Wednesday, April 25, 2012
Bling and ignorance - how cloudy thinking will screw up IT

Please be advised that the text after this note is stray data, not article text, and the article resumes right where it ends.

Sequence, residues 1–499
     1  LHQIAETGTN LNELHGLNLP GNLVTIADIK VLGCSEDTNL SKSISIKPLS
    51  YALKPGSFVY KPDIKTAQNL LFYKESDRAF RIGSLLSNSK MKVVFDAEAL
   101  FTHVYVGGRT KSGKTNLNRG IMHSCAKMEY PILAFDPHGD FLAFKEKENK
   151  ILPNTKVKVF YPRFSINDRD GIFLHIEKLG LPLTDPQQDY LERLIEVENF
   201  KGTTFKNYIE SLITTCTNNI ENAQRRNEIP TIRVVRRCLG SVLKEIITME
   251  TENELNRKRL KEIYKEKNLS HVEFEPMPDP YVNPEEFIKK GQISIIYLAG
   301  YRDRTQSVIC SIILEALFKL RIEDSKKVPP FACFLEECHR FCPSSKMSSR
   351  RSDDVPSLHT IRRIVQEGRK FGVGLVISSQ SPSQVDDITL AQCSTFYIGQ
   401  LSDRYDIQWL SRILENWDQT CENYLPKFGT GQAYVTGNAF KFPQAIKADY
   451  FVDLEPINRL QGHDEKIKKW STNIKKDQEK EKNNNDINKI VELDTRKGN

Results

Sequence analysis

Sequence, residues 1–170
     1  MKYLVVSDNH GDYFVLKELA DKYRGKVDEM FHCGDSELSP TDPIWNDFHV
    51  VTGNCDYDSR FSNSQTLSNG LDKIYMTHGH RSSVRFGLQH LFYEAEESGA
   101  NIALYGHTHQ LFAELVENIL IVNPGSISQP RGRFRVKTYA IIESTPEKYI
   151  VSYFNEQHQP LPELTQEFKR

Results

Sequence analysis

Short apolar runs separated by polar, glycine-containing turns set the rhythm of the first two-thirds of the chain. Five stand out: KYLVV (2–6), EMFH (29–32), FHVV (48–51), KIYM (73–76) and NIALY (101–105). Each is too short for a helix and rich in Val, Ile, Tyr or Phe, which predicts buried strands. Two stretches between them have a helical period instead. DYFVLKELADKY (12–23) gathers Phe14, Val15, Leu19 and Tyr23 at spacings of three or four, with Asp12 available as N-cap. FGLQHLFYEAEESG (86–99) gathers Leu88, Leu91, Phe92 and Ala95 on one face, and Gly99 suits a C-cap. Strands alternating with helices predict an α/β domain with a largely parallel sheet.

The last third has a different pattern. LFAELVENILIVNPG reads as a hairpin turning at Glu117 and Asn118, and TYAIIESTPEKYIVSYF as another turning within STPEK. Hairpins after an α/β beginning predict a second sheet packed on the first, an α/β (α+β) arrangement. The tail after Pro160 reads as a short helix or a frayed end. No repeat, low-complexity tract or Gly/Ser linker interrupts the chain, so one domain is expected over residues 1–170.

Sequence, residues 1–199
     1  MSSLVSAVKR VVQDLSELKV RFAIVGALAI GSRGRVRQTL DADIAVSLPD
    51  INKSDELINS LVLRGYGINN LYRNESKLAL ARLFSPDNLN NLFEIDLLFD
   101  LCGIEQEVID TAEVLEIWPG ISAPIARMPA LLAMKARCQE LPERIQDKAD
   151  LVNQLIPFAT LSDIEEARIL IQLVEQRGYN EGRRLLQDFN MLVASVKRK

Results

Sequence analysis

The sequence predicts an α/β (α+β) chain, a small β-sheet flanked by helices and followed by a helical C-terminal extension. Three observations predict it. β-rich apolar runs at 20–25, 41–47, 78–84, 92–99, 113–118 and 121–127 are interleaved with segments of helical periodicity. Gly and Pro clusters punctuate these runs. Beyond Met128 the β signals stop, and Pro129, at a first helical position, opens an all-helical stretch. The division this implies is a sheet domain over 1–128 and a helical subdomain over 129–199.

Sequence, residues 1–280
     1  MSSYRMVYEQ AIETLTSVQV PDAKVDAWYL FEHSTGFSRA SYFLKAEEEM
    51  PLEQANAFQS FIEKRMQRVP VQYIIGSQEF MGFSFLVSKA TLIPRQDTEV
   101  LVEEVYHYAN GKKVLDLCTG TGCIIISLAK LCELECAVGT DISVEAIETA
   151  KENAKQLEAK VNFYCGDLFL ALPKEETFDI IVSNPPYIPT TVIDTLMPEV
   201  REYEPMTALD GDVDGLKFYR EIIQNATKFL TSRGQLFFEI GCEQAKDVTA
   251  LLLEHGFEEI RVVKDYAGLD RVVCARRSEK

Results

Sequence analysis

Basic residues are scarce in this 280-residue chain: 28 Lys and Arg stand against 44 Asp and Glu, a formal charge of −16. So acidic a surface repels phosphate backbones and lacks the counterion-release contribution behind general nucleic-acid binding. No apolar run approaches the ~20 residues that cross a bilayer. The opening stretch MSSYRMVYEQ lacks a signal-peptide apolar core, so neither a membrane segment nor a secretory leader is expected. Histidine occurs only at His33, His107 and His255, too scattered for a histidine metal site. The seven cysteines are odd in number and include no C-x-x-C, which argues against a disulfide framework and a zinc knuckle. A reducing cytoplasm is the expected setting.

Today it was annouced that Progress Software are going to 'divest' their BPM and SOA technologies and instead are going to focus on cloud technologies that don't really exist yet. This is indicative of a mentality I see around so first lets start with some credentials: 1) I worked with Google around a SaaS partnership in 2007 around Google Apps 2) I delivered an SFDC solution in 2008 3) I've worked with Amazon, VMWare and lots of other cloud based companies So lets be clear I think cloud and SaaS can be extremely useful things, the problem comes when people begin to think they are magic. Lets be clear SaaS is a software package pre-installed and configured that you can pay for on demand - the change isn't the software its the capacity and the charging model Cloud is an infrastructure play to provide old school tin in a virtualised manner in a way that can be quickly provisioned and paid for on demand. That really is it. The problem I see is that people take the new bling and forget the old lessons. So people say 'I'm am using SFDC and it is my customer MDM I don't need anything else'... in the same way that people said that about Siebel in 2000 and found out in 2002 that it wasn't true. They say 'its on the cloud so I don't need to worry about architecting for performance, I'll just scale the hardware' as people did around 'pizza box' architectures in 2000. I hear 'we don't need to worry about integration, its on the cloud'... like people did around SOA/ESB/WS-* in ... 2000. The problem is that the reality is the opposite. The more federation you have the more process and control you need. The more information is federated the more requirements you have for Master Data Management. Cloud solutions are not silver bullets and they are not always simple solutions to integrate with other systems, great on their own but not good with others. Rapidly people are building federated IT estates with federated data and no practice and process around integration which leads to a massive EXTERNAL spaghetti mess, something that makes the EAI problems of the 90s look like a walk in the park. Or to put in another way... isn't it great how people are making more work for those of us in IT.